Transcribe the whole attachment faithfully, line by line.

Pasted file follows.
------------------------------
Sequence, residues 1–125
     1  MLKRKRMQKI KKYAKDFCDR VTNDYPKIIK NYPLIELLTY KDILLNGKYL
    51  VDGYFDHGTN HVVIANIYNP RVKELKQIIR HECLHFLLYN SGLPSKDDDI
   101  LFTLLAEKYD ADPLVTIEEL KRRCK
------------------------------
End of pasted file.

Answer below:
Sequence, residues 1–125
     1  MLKRKRMQKI KKYAKDFCDR VTNDYPKIIK NYPLIELLTY KDILLNGKYL
    51  VDGYFDHGTN HVVIANIYNP RVKELKQIIR HECLHFLLYN SGLPSKDDDI
   101  LFTLLAEKYD ADPLVTIEEL KRRCK